February 14, 2008
Storrs, CT (UWIRE) -- On this Valentine's Day, I think it's appropriate to share with you my love for rotund, globular football coaches and mystical little Irish guys in a crazy green outfit.
Oh, you haven't heard?
Then you haven't been reading outraged UConn fans on the Internet bemoaning a potential 10-game football series between UConn and Notre Dame.
According to a leaked Notre Dame internal memo, the Fighting Irish and Huskies are finalizing a deal to play 10 games beginning in 2009, including five at Notre Dame Stadium, three at Gilette Stadium in Foxboro and two at the Meadowlands in New Jersey.
I love this deal, despite the fact that none of the games will be played in Connecticut. Simply put, right now this is wonderful, even if it could be a disaster six or seven years from now.
Let me set the scene for you: Senior Day at Rentschler Field in November. I stand in the bleachers at about 11:45 a.m. as a wonderful crowd of about 7,000 greets the seniors who spent their blood, sweat and tears for four or five years. The apathy from the stands was literally deafening as the perennially late-arriving crowd shuffled in from that last imperative game of parking lot beer pong. It was a sight to see so many metal bleachers 10 minutes before a major college football game.
The point is simple. UConn is a small-time, barely-regional college football team in a third-tier sports state with no national profile, unless you want to tell me 30 million people were watching the Meineke Car Care Bowl. Through no fault of its own - after all, UConn moved to Division I-A seven years ago - the UConn football program is known as "that team that West Virginia just scored on."
UConn fans have to be realistic. The team plays in a very nice, yet Podunk-sized stadium. The athletic department continues to schedule Buffalo, Temple and regional I-AA team du jour, creating one of the most awful non-conference schedules this side of Ohio State.
That's why Notre Dame (even without any "true" UConn home games) needs to be on the schedule.
Say what you will about the Irish finishing 3-9 last year, but they are the premier name in college football. Every ND home game is televised on NBC to a national audience - i.e. more people watch Notre Dame host Stanford as they do UConn and Wake Forest in the Meineke Bowl - and ESPN always manages to find a spot for Irish highlights.
In contrast, when a No. 23 UConn team beat No. 10 USF last year, it got about 20 seconds of airplay just after pressing coverage of the Mountain West Conference.
No longer can we say UConn is not trying to become a player nationally. Guess what everyone - more people will care about UConn beating Notre Dame than they ever will about beating Baylor, Northwestern or Hofstra.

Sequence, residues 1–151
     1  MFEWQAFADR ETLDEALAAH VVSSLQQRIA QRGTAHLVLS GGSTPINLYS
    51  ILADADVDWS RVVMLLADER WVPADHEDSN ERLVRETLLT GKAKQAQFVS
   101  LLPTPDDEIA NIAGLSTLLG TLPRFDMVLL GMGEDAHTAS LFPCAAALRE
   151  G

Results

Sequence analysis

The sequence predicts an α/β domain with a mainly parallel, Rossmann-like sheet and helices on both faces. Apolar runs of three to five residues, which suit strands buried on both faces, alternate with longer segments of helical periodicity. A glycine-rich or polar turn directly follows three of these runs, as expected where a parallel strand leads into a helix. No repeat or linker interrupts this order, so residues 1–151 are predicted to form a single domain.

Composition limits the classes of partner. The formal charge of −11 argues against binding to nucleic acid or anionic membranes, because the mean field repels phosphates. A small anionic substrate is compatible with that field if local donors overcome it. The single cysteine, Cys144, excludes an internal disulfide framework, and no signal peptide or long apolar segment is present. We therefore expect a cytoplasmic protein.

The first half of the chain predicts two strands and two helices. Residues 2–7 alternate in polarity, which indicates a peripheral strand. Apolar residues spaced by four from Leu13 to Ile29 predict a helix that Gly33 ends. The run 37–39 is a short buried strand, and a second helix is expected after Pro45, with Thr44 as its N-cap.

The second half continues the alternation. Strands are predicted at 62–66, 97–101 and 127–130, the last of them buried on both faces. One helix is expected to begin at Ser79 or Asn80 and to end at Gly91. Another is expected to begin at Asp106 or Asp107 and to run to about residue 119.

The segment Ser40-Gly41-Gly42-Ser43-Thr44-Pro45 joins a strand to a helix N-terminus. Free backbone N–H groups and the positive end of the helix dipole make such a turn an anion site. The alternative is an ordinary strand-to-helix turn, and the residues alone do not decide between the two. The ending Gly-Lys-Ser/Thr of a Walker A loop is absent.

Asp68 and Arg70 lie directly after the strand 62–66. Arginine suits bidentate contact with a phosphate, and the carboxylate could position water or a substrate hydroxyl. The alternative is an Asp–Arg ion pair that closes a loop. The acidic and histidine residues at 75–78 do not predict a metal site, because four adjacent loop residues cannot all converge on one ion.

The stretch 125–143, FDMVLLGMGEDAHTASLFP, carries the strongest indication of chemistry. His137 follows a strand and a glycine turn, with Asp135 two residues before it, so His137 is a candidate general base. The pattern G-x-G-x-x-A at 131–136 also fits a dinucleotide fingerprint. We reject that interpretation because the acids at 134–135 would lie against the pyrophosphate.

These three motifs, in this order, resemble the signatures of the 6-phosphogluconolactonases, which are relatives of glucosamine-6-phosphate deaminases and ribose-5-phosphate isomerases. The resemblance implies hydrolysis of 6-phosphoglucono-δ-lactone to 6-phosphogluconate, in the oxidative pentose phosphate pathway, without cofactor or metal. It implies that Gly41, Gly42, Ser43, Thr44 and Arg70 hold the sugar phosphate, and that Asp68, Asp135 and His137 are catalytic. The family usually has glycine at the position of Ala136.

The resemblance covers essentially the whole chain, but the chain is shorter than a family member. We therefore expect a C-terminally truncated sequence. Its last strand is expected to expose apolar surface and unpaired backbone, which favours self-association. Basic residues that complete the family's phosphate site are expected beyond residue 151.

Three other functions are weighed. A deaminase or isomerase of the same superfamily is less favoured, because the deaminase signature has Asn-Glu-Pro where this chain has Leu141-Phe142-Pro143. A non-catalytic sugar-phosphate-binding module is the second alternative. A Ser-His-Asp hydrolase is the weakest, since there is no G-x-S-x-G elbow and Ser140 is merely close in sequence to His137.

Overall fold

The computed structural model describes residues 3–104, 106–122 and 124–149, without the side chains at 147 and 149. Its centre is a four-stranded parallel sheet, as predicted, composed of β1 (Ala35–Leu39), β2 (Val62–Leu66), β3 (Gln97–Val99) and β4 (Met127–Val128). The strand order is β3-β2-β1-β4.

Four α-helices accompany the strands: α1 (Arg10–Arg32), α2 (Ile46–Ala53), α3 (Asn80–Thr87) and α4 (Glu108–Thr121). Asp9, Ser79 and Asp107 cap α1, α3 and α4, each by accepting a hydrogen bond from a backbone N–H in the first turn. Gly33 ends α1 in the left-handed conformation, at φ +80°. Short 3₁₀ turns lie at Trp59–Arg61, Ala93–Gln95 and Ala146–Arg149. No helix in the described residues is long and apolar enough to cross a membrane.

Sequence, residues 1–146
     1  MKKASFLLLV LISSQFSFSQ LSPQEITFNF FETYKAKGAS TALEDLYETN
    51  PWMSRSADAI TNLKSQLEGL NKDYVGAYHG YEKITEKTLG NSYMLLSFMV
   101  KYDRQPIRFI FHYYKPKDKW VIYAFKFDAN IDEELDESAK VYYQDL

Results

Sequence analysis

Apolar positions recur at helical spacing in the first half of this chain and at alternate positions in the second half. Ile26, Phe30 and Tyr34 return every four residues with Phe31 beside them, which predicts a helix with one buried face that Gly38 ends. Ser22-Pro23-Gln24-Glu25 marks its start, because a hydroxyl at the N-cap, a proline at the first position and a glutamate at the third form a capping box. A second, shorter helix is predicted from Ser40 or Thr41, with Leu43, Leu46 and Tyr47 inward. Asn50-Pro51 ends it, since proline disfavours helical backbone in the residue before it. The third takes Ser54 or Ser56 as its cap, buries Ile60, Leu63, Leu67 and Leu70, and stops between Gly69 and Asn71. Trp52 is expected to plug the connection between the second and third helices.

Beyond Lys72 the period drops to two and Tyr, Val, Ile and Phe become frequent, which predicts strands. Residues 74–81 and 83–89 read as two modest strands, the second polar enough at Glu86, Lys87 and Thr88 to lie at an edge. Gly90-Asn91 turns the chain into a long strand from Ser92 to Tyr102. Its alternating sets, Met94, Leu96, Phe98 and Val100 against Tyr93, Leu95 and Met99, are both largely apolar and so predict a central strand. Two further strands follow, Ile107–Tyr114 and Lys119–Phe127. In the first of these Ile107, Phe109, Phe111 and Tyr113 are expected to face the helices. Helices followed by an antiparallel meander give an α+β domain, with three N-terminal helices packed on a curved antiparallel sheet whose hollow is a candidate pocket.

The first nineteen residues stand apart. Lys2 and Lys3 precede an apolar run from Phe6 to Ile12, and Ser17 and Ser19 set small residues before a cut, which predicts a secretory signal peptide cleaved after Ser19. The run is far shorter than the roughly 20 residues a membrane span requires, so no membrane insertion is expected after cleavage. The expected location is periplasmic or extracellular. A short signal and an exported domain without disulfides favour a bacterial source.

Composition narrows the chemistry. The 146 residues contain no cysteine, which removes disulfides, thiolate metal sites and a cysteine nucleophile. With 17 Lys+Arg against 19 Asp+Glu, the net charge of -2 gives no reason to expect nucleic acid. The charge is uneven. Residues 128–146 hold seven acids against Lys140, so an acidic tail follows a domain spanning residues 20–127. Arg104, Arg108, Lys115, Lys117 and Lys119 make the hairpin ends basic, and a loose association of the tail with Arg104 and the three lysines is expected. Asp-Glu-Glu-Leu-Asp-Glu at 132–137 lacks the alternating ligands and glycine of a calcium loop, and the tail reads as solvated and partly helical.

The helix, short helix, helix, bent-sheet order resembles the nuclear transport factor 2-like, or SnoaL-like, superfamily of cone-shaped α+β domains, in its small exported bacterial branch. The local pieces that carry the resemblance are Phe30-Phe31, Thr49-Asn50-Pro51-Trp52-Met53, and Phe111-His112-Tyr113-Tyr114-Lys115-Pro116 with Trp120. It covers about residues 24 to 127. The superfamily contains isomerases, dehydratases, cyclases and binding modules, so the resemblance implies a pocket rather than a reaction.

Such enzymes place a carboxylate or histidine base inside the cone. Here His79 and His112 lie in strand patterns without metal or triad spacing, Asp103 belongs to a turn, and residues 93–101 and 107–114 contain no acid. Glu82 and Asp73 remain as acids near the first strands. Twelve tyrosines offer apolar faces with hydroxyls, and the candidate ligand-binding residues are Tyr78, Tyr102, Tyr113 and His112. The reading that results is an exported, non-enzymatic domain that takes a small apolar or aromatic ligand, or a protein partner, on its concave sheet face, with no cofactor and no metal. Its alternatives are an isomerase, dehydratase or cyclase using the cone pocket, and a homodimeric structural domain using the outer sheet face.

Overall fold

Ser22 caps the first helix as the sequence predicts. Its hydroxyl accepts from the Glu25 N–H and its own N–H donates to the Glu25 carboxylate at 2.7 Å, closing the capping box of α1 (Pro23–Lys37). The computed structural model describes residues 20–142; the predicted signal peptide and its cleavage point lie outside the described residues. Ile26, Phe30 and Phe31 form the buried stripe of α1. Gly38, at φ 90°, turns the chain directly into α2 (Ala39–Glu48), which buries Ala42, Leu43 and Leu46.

So what if none of the games are at Rentschler Field? I'm sure recruits will be distressed that they have to play a prestigious BCS team in crappy old Gillette Stadium. I'm sure those Super Bowl and AFC championship trophies will seem like cruel irony, psyching out all 80 scholarship players after that two-hour drive.
Or imagine how recruits will instantly drop UConn from their lists upon seeing 80,000 people in Giants Stadium (and millions on ESPN) watching the Huskies play a ranked Notre Dame squad.
This isn't intramurals - this is Division I football, and right now UConn needs to find willing partners to elevate it to something worth talking about.
UConn could win all five of its non-conference games in 2008 and not be ranked. Nothing - other than some cheap, bowl-padding wins - is gained by beating Akron in front of a stadium half-filled with "fans" who spend $40 on a ticket to watch three quarters of football and beat the traffic.
I absolutely will stand and applaud when UConn makes this deal official. This is the first step in making UConn a team that college football fans actually think about.
The second step is to actually beat them, because of course winning is all that counts. So in 2009, when I plan on flying to South Bend, it'll be up to (presumably) Randy Edsall to make it happen and really turn this UConn football thing into hyperdrive.
And yes, if UConn is a top-10 team in six or seven years like in so many Dynasty modes of NCAA Football 2008, the deal will seem terrible. But let's cross that bridge when we get there.
On an unrelated note, as a Notre Dame football fan, I can finally make that mash-up jersey that is half-Orlovsky, half-Clausen. So there's that, too.
(C) 2008 The Daily Campus via UWIRE